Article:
And NG did a study during 2014/15 into trialling this for use in their "Enhanced Frequency Control Capability", with as objectives:

Quote
The Main Drivers for using battery storage
  • Demonstrate the principle [of?] operability of a frequency control battery on the network.
  • Demonstrate emulation of rotating generators and their inertia by implementing a very high response rate (milliseconds or tens of milliseconds).
  • Demonstrate different reaction speeds.

That 'emulation' they also label "virtual inertia". I gather that implementing the control of power and phase based on frequency (in a DC-to-3 phase converter) to do this safely and reliably is still work in progress.
Logged
broadgage
Transport Scholar
Hero Member
******
Posts: 2811



View Profile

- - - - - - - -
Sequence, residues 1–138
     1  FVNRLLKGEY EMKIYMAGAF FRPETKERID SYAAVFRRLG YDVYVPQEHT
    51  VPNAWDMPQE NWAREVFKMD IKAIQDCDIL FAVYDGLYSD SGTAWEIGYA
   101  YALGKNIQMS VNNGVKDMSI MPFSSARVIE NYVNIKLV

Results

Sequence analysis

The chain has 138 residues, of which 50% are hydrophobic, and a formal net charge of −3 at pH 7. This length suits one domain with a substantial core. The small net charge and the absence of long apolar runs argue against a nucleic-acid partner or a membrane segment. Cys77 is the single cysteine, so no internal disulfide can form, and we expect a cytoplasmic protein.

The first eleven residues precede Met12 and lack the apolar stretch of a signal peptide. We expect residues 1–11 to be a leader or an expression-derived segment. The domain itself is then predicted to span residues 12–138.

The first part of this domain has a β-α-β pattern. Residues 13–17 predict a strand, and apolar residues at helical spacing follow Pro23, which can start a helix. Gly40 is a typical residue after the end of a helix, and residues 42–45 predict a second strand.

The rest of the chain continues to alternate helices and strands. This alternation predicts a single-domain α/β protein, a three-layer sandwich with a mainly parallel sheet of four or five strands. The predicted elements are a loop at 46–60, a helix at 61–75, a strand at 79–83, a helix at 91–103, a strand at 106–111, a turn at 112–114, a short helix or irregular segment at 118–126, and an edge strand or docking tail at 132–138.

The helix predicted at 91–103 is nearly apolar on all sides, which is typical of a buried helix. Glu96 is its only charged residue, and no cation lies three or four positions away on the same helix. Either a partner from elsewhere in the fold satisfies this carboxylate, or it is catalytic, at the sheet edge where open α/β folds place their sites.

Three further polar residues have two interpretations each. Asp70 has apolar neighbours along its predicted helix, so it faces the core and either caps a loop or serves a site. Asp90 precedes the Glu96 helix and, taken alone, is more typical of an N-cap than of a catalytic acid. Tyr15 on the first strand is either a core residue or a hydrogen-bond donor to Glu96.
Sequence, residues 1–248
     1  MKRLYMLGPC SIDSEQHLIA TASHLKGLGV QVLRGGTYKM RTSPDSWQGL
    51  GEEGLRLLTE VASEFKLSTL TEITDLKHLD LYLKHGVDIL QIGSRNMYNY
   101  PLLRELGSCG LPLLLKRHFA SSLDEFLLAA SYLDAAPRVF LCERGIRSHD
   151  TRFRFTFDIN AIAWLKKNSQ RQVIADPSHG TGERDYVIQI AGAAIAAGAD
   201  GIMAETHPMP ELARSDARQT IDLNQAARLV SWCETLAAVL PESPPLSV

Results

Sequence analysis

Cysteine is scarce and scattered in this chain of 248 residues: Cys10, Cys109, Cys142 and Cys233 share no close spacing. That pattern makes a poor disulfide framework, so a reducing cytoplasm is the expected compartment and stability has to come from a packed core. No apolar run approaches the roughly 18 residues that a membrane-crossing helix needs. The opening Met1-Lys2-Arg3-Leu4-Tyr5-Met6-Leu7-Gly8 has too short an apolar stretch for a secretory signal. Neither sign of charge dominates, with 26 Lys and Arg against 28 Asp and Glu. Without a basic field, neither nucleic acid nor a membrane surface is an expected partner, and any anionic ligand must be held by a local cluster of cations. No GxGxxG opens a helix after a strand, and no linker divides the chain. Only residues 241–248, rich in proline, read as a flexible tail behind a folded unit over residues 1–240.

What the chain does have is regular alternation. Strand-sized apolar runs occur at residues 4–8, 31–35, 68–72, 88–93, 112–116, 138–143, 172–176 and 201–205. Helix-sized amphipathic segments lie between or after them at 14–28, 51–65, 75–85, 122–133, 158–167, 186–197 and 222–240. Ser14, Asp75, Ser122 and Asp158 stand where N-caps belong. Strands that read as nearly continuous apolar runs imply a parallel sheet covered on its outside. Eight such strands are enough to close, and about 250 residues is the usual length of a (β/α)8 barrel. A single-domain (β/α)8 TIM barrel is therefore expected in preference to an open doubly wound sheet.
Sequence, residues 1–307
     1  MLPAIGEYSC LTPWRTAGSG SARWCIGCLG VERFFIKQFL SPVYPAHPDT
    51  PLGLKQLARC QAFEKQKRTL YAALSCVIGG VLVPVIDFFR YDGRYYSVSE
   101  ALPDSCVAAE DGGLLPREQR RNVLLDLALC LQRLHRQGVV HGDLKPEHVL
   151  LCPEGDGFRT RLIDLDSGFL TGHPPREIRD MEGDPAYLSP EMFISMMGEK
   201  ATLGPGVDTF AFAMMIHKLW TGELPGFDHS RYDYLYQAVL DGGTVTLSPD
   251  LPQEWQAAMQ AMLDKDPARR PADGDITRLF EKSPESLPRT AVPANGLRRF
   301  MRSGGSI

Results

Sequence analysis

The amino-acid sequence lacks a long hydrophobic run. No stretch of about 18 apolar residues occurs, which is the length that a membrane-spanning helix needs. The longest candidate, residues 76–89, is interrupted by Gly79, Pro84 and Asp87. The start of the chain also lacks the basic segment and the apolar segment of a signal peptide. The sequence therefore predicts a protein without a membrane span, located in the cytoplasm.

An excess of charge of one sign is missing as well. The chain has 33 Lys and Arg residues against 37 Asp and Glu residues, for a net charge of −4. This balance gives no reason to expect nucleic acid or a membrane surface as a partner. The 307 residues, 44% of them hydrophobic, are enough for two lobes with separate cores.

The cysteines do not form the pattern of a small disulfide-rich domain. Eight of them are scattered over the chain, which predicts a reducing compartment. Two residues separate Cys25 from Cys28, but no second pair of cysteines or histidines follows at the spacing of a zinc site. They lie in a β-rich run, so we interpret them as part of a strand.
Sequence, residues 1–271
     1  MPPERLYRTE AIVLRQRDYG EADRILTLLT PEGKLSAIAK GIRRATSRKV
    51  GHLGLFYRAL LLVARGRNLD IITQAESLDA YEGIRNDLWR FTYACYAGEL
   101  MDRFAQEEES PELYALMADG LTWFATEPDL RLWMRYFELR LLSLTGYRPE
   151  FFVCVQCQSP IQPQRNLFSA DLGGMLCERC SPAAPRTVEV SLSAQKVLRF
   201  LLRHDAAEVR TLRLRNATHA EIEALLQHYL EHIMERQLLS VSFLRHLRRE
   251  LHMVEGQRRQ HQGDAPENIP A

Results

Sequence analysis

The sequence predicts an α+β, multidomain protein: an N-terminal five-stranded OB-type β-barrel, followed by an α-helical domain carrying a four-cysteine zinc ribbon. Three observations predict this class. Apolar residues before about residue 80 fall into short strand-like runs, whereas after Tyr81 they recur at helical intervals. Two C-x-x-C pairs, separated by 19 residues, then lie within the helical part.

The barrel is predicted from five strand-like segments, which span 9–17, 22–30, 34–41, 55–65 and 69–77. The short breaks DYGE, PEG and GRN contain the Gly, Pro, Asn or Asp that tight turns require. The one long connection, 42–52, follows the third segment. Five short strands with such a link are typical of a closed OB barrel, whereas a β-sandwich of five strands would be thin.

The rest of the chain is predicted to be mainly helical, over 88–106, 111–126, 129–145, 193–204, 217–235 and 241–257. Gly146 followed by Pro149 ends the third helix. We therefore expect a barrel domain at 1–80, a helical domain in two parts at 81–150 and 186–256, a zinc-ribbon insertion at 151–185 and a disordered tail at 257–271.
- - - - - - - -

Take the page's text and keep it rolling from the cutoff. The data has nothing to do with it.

« Reply #37 on: August 21, 2019, 05:25:21 pm »

Re post #31, yes I did read previous posts on this subject.

Looking at the scale of the chaos I still maintain that backup power supplies for signalling were insufficient. Lineside signals remote from control rooms also need back up power supplies.
Up to a few miles distant, they could use power from the control center. Distribution of signalling power at 650 or 690 volts used to be the norm.
When this is not viable then battery backup should be considered.

I also stand by my remarks that the new Thameslink trains are of a defective design if they can not tolerate a relatively rare but entirely foreseeable drop in line frequency.
Is this design feature to be included in the Crossrail trains ? The thought of thousands of passengers trapped below ground for hours after a brief drop in frequency is rather worrying.
Logged

A proper intercity train has a minimum of 8 coaches, gangwayed throughout, with first at one end, and a full sized buffet car between first and standard.
It has space for cycles, surfboards,luggage etc.
A 5 car DMU is not a proper inter-city train. The 5+5 and 9 car DMUs are almost as bad.